Whenever an athlete offers their opinion about a current social or political hot button issues, they are often met with cries of “stick to sports!” Unfortunately, the ignorant people who make those demands in the comments section seem to forget that freedom of speech applies to everyone, including celebrity athletes. They pay taxes just like us, live in the same cities as we do, and vote for the same candidates. They just happen to have a perfect platform to make a difference, since millions of sports fan will hear whatever it is they have to say.

Although no less a legend Michael Jordan once famously said “republicans buy sneakers too” when refusing to take a political side when questioned by reporters, athletes have been going public with hard line political stances for decades. Whether you agree or disgaree (or are just indifferent), here are 10 that truly stand out.

14. LeBron James Wears “I Can’t Breathe” T-Shirt

No one player in the NBA holds as much sway as King James. The Cleveland Cavaliers superstar, just by virtue of opening his mouth, influences everything from what people buy through his endorsements, to how the game is played on the court to who gets to play with him. And, he’s also been known as an activist unafraid to make a statement on what he perceived as injustice. In July of 2014, Eric Garner died during a confrontation with a New York Police Department Officer, his last words — caught on camera no less — being “I can’t breathe.” After a grand jury decided not to indict the officer in question later that year, mass protests broke out decrying police brutality. In solidarity with protesters, James, along with teammate Kyrie Irving and a few other NBAers decided to wear t-shirts emblazoned with “I Can’t Breathe” before a game in Brooklyn. Before that game, LeBron said, “I think it’s really important that we show our respect to the families. More importantly we’re in the city where tragedy happened and it’s really important to us that we stand up for a cause, especially this one. It hits close to home and means a lot to me.”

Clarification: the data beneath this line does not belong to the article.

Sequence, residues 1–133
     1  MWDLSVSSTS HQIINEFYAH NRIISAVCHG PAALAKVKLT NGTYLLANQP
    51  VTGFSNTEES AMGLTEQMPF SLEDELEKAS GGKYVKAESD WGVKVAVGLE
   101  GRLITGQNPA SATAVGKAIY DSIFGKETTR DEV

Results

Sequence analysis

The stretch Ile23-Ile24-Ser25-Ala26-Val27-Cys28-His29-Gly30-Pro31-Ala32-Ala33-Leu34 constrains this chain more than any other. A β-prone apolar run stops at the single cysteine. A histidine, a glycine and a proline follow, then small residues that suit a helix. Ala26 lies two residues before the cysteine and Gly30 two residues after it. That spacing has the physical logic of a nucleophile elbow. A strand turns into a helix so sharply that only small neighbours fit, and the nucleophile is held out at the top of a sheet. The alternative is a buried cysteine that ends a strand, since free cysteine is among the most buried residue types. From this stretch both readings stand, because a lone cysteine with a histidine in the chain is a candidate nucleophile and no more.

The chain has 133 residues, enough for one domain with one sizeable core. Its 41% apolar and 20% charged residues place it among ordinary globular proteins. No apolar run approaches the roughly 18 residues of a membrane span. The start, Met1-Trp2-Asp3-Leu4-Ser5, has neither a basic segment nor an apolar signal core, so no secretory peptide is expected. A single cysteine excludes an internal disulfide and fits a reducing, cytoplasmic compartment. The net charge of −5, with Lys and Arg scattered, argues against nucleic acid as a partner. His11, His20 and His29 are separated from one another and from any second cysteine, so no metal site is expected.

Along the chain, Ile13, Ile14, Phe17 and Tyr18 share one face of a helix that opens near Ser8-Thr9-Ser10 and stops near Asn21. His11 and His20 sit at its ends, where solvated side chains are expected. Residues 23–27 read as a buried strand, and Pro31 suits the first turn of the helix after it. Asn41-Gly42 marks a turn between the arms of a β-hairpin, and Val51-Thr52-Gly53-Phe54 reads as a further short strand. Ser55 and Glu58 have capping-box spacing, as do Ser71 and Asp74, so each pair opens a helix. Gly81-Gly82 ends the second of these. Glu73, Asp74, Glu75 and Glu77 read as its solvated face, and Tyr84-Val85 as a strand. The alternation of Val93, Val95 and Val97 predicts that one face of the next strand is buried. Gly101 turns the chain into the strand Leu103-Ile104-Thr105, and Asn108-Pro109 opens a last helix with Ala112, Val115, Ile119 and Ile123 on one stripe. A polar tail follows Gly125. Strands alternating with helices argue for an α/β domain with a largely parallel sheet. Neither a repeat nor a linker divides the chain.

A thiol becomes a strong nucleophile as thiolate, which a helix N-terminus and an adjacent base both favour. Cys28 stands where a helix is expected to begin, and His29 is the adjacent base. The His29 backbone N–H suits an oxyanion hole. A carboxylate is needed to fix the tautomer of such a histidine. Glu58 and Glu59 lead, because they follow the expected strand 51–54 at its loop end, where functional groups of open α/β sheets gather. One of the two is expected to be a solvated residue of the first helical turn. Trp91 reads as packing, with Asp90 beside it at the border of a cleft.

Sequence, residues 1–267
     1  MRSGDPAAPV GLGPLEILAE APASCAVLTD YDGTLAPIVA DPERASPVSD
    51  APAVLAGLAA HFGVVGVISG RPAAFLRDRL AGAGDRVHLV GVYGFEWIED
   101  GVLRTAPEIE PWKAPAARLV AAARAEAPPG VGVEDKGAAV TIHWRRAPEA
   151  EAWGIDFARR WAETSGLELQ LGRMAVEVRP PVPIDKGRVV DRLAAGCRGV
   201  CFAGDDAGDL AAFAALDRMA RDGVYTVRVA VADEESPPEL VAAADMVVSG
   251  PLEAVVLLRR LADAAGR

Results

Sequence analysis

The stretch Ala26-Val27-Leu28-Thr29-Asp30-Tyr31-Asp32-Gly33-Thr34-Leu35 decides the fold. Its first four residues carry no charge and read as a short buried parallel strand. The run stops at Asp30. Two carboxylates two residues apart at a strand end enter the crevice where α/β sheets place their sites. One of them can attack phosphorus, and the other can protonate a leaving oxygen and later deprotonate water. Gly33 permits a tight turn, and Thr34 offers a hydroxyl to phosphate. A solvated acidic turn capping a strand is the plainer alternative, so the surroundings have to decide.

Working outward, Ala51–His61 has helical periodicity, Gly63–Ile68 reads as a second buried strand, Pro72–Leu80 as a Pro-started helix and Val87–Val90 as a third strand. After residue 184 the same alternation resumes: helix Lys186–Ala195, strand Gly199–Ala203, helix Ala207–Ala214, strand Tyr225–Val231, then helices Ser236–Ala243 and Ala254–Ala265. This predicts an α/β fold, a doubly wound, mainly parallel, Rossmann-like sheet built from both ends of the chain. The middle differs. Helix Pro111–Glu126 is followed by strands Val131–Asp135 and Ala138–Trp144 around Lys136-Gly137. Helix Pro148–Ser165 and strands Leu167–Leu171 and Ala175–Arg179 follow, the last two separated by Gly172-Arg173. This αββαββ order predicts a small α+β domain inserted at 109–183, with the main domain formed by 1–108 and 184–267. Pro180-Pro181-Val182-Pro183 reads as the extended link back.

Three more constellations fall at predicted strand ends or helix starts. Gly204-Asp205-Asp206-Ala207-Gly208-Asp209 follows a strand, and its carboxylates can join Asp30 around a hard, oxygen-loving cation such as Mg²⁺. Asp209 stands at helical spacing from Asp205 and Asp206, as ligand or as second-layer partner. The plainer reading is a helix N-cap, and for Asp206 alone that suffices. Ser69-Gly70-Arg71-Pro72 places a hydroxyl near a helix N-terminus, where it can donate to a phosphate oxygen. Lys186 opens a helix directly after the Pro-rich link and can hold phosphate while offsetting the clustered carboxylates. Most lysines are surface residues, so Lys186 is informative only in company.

(AP Photo/Frank Franklin II)

13. Michael Sam Kisses Boyfriend Live On TV